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UCL Qatar: Introducing Innovation Labs to Zambian Cultural Heritage Institutions

GuestBlogger25 September 2019

By Milena Dobreva-McPherson, Associate Professor, Library and Information Studies, UCL Qatar.

Over the years, UCL academics have contributed in different ways to the six Grand Challenges. One of them is Cultural Understanding, and it looks at the differing, complex, and evolving relationships between people, communities, and culture in the interconnected world of today.

After many years of digitisation in libraries, museums and archives around the globe, there is a vast accumulation of digital content. We are used to it at our fingertips on any digital device. But imagine that you are interested in the diaries and other objects related to the explorations of David Livingstone in Zambia. They have already been digitised, but you must take a trip to consult the digitised collection of the museum on-site because it is not available online.

This is still the case with plenty of cultural and scientific heritage digital content from the Global South, a region which suffers the digital divide.

The digital divide results in many deficits in access to knowledge due to missing, or the very slow adoption of, modern technology. In the cultural heritage domain, the digital divide results in the lack of exposure of digital content which exists but is not made available online. There are various explanations why this is the case – ranging from lack of suitable infrastructure for digital asset management to inadequate or missing policies for user engagement with the digital content.

Led by the desire to explore what this means in the Sub Saharan African context, I submitted a proposal to the most recent call for teaching activities in Africa and the Middle East of the Global Engagement Office at UCL. It aimed to deliver the first workshop in innovation labs in cultural heritage institutions for Sub Saharan Africa in Zambia.

Having two major obstacles in mind – inadequate infrastructures and lack of user engagement policies – we designed a workshop which addressed both areas. In a world where Open Science becomes increasingly popular, the opportunities for digital presence are changing. One solution to the issue of not sharing content online due to inadequate institutional infrastructure is to start using open platforms.

The exciting work started when my proposal received support, and we scheduled our workshop to be delivered on 1 August 2019 at Livingstone Museum, Zambia.

Fig. 1. Zambian digital content is mostly available for consultation in-house – thus world users cannot access it as a consequence of the digital divide

The rationale of the workshop was to spread the innovative knowledge accumulated at UCL Qatar to setting up successful innovation labs in cultural heritage institutions in Zambia. The workshop targeted professionals from Cultural Heritage Institutions who have responsibilities to manage digital collections and those with future intentions of engaging in the curation of a digital collection in Zambia. The workshop aimed to:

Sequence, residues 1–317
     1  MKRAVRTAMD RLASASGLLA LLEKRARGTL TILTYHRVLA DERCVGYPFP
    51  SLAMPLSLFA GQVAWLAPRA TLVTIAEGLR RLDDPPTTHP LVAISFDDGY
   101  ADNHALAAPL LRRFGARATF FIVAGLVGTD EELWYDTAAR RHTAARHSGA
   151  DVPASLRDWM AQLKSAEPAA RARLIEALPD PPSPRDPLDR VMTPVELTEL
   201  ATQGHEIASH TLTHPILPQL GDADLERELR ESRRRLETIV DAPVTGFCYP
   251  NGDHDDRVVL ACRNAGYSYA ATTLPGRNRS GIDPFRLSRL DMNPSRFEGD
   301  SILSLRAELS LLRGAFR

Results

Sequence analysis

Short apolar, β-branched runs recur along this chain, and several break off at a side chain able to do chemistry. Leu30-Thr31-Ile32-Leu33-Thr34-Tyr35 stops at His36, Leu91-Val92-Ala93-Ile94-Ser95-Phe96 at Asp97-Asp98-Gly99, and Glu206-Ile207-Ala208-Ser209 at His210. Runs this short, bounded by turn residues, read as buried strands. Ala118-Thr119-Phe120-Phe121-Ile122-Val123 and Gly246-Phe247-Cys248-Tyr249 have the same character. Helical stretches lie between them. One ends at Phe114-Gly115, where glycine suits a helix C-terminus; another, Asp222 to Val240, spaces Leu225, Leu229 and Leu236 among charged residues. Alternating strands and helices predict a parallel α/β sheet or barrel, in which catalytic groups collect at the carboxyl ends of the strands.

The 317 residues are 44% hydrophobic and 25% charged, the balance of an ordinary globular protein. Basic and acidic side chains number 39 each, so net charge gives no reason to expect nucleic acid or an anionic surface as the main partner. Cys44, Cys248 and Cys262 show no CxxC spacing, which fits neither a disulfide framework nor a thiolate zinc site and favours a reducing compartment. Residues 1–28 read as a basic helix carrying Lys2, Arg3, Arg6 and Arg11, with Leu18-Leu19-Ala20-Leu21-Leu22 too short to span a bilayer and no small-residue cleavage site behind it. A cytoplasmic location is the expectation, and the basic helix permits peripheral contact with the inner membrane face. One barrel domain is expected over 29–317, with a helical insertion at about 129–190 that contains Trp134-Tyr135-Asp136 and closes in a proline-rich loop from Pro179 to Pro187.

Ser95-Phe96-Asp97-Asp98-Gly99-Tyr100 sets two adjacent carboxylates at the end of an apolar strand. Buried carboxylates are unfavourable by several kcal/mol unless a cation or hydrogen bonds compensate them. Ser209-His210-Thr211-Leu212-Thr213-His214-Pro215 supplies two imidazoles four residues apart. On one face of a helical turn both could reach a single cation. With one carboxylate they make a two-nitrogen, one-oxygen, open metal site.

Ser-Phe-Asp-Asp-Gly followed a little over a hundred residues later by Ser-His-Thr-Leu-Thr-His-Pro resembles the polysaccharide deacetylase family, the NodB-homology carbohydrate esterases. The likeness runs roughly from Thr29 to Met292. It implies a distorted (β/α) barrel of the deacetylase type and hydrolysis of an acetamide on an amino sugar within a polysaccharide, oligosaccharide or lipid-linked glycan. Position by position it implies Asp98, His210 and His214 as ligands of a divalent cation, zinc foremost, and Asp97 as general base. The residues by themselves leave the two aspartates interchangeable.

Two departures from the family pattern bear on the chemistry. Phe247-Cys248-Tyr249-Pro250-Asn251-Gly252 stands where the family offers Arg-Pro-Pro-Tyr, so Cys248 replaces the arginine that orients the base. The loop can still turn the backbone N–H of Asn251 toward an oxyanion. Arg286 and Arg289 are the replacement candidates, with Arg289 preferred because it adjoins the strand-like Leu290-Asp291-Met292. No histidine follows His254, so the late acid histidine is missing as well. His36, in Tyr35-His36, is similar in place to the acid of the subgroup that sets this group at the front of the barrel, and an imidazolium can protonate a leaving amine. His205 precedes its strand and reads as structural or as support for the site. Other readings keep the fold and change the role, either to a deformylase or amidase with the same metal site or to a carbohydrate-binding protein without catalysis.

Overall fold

• Equip museum and library professionals in Zambia with knowledge on the approaches to setting innovation labs and discussing how local institutions can work towards creating such labs.
  • Raise awareness on the role cultural institutions offering digital content play in boosting the digital skills of scholars, educators, learners, and creatives.

UCL Qatar worked with several institutions in Zambia to prepare and deliver the workshop, including the National Museums Board of Zambia – an umbrella institution for national museums, the National Archives of Zambia, and the Department of Library and Information Science from the University of Zambia (UNZA). It also included online interventions from the British Library.

We focused the content of the workshop on state-of-the-art digitisation, examples of digitisation projects from Zambia, and setting up innovation labs in libraries, museums, and archives. There was also plenty of discussions and a practical exercise on understanding better the needs of users of digital collections.

Participants

Initially designed for 15 participants, the workshop was delivered to a total of 27 participants (see Fig. 2)

Fig. 2.  Profiles of participants
Figure 3: Workshop participants

Feedback and impact

Eighteen out of the 27 participants provided feedback and it was overwhelmingly positive. The participants were asked to rate the content of the workshop and also to comment on the value of the knowledge for themselves and their institutions.

One participant said:

“The programme should be repeated for other professionals in Zambia and if it comes I will recommend it to others.”

There were also opinions on how to take forward the knowledge shared at the workshop:

“Put the knowledge acquired in the workshop to use ASAP, conduct a follow up workshop to determine progress in created innovation labs, and massive awareness creation of the existence of the innovation labs created to potential users”

“Embrace new trends and technologies relating to digital platforms and information sharing through innovation labs”

“I’m suggesting that maybe if its possible to continue having such workshops every year so that we learn more new techniques on how to improve our libraries. Also, the workshop should have taken at least three days to allow participants learn more”.

The workshop received media coverage from three newspapers and some local radio stations.

Another innovative outcome from this event was that UCL Qatar added the first-ever dataset of the potential for Innovation labs in Africa on the UCL repository: Dobreva, M., and Phiri, F.. (2019, August 20). Cultural Heritage Innovation Labs in Africa (Version 1). figshare. https://doi.org/10.5522/04/9685127.v1

A Google folder with all the presentations, press coverage, and photos of the event is also openly available: Innovation Labs Workshop – Zambia

Conclusion

The Funding from GEO made it possible for UCL Qatar to host this first-of-its-kind workshop in Sub Saharan Africa.

This has resulted in a beneficial collaboration with local institutions in Zambia such as the National Museum Board of Zambia, University of Zambia and National Archives of Zambia to deliver of the first-ever workshop on Innovation Labs in Sub Saharan Africa.

The workshop also inspired a new sense of enthusiasm in participants to make their digital collection accessible online.

Acknowledgment

I would like to thank Dania Jalees for the infographics, Fred Nuyambe for the photograph and Fidelity Phiri who collaborated on this project.

UCL Qatar students changing libraries in Doha through UCL ChangeMakers project

GuestBlogger21 January 2019

By Bruce Bulmuo 

Master’s degree students at UCL Qatar have completed a UCL ChangeMakers project which offered students the opportunity to work with a school library in Doha to enhance practice-based learning for students in the Library and Information Studies program.

The students spent several months working with Al-Rowad International School to provide assessment and consultation services.

Recommendations were made to the authorities of the school on potential changes to the library to meet standards set by Qatar National School Accreditation (QNSA).